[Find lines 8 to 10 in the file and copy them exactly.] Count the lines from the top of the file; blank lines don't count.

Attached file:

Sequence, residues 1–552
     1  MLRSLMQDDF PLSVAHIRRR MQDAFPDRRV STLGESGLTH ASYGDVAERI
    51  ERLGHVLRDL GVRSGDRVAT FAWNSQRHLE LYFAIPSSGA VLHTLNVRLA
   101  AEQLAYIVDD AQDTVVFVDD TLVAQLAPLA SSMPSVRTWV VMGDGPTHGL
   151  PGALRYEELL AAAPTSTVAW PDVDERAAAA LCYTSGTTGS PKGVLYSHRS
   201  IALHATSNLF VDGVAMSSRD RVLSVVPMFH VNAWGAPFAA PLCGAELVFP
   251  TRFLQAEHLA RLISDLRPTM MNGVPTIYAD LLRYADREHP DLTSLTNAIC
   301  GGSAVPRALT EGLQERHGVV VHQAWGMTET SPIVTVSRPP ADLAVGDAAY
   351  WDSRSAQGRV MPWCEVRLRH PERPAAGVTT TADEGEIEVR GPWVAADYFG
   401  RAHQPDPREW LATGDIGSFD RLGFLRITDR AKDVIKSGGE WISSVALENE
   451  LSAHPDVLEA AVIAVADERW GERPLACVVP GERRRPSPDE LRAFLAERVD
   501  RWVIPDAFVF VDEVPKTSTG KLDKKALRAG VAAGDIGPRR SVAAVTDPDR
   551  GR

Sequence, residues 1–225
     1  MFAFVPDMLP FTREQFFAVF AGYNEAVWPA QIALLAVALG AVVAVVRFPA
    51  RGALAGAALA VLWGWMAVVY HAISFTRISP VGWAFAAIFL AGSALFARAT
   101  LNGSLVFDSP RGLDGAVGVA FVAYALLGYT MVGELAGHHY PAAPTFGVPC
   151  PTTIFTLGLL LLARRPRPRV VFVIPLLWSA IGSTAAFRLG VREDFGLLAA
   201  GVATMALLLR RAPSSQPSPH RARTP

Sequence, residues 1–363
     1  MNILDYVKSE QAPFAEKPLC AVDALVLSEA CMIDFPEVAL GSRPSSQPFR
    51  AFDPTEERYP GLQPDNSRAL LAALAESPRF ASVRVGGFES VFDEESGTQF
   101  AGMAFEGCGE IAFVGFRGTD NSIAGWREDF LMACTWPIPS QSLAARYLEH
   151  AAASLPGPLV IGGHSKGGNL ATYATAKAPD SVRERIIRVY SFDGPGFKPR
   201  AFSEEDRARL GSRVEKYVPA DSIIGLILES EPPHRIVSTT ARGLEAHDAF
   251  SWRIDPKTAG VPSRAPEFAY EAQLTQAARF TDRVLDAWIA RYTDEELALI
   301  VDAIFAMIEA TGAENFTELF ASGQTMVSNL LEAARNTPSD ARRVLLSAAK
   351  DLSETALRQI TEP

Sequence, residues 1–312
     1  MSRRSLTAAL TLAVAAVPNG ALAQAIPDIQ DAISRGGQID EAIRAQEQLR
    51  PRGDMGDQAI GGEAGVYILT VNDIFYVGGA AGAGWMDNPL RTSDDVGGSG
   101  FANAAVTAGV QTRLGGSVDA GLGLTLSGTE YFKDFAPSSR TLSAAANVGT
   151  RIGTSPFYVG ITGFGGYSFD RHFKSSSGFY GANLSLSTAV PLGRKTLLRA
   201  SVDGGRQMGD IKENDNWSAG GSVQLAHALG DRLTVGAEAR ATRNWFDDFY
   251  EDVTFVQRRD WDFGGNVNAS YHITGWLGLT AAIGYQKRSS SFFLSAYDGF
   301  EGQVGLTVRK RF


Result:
   301  GGSAVPRALT EGLQERHGVV VHQAWGMTET SPIVTVSRPP ADLAVGDAAY
   351  WDSRSAQGRV MPWCEVRLRH PERPAAGVTT TADEGEIEVR GPWVAADYFG
   401  RAHQPDPREW LATGDIGSFD RLGFLRITDR AKDVIKSGGE WISSVALENE